What is schizophrenia? What does it effect, and where? What are the symptoms? Causes? Treatment options?
What is Schizophrenia?
Schizophrenia is a genetic and environmental disorder that effects the frontal lobe and the levels of dopomine in the brain. It runs in families, although only about one percent of Americans have the disorder. It effects men more than it effects women, and it usually manifests late teens to early twenties. Rarely is it diagnosed after 45. It is very difficult to diagnose schizophrenia in children, however they may be diagnosed with early onset schizophrenia. The disorder results in disruptions in the structure and function of the brain and the neurotransmitter pathways of the central nervous system.
A normal brain versus a brain effected by schizophrenia.
Where did it Come From?
Schizophrenia was first diagnosed in 1887 by Dr. Emile Krepelin. However, the word is barely 1oo years old, and was coined by Eugene Bleuler in 1911. It is thought that the disorder has followed humans all throughout history. There has even been evidence found to suggest the peoples of Pharaonic Egpyt suffered from a disorder quite like it if not the same one.
Symptoms of Schizophrenia
The disorder is divided into two sets of symptoms. Positive and negative symptoms.
Positive symptoms include:
- Disorganized speech, thoughts, movements, and behaviors.
An example of what auditory hallucinations might sound like.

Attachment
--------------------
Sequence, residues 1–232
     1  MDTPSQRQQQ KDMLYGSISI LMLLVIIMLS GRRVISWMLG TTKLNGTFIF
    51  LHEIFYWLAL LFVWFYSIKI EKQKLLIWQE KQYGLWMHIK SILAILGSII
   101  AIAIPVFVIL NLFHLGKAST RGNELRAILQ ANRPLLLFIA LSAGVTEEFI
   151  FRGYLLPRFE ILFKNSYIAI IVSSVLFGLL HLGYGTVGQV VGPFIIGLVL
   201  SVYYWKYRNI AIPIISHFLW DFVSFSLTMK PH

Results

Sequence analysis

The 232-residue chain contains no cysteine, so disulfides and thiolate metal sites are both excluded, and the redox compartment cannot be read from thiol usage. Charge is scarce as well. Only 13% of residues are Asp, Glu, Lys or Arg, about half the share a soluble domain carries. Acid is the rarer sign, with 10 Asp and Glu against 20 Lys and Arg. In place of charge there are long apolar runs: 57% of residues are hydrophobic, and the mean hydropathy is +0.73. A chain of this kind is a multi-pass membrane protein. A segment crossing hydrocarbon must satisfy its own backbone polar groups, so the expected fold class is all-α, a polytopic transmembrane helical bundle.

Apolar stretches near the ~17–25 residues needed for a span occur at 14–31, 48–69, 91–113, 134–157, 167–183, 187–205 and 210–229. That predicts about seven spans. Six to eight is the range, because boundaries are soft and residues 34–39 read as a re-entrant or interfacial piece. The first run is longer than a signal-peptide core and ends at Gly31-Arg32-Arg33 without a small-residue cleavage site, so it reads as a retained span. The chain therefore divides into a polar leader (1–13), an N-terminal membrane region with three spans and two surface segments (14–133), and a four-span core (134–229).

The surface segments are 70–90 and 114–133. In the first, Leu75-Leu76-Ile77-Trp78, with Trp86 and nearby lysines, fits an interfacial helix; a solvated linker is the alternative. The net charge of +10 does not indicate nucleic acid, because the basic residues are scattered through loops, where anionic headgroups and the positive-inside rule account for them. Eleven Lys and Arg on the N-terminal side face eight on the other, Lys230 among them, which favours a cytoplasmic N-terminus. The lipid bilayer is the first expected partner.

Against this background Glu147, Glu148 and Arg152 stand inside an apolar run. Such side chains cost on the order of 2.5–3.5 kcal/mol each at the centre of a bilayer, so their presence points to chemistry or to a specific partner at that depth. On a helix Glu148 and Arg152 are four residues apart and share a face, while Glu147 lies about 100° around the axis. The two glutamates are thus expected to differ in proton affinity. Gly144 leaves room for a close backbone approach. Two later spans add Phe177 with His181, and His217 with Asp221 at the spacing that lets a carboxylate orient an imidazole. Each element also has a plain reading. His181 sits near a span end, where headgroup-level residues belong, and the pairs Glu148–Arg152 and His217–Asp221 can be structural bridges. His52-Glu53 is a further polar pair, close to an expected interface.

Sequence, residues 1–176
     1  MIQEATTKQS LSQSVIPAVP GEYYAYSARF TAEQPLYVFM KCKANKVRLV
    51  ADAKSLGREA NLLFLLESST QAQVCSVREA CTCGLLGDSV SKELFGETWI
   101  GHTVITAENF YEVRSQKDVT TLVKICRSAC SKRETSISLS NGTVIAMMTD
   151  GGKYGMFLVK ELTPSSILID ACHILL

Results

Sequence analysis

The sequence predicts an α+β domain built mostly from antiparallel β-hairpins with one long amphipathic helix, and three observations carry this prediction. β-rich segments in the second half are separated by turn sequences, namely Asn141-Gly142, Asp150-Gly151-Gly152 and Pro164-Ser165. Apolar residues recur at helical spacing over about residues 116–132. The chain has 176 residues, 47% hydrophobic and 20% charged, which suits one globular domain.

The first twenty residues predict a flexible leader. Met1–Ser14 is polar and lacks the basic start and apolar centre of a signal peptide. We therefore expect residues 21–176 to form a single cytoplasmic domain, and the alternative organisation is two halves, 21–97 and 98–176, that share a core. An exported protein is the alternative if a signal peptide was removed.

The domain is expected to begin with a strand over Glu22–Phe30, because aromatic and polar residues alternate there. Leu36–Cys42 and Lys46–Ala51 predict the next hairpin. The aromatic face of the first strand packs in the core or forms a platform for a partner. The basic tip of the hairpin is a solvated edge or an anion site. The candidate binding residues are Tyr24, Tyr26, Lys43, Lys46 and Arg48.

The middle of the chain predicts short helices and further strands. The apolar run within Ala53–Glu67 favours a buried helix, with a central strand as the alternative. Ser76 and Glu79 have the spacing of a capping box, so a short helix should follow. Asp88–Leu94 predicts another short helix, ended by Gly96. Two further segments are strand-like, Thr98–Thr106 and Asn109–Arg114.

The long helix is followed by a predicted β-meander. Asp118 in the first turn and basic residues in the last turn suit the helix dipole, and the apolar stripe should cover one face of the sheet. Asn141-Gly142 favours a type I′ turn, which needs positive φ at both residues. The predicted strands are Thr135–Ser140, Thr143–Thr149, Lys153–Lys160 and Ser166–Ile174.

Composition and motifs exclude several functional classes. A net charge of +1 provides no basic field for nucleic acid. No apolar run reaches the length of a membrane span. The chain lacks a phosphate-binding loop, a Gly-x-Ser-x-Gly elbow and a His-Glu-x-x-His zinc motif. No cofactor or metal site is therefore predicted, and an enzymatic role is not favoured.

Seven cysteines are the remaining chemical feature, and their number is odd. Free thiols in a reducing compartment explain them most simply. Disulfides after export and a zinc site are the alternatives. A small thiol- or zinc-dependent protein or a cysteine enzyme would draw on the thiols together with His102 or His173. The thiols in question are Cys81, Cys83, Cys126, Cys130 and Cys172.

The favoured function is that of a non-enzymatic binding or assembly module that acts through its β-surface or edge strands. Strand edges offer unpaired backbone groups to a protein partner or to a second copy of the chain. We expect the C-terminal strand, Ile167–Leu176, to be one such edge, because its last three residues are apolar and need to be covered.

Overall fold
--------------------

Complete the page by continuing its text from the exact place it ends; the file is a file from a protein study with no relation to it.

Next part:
The negative symptoms of schizophrenia include:
- Alogia and poverty of speech - the person may speak very little and/or have little meaningful content to their conversations.
- A flattening or blunting effect - a lack of facial expressions and/or a monotone voice when speaking. Not maintaining eye contact.
- Avalition and anhedonia - a loss of interest in things that once brought pleasure.
- Catatonia and posturing - seeming to stop moving entirely and/or freezing in unusual body positions.
Schizophrenia cannot be cured. However, it can be treated. Most patients are described antipsychotics. However antipsychotics only help prevent the positive symptoms. The negative symptoms still effect the person on a day to day basis. New therapies with glutamatic receptors to treat both the positive and negative symptoms are being researched. Usually, the biggest issue with medications is keeping patients on their regular medicine regimen. Patients have a tendency to go off their medications, which creates a lot of issues with their lives. Patients off medications usually can't hold down jobs, which ends in poverty. Staying off meds can create issues with friends and families as well. However, if patients stay on their medications and continue their support therapies they have a normal life expectancy.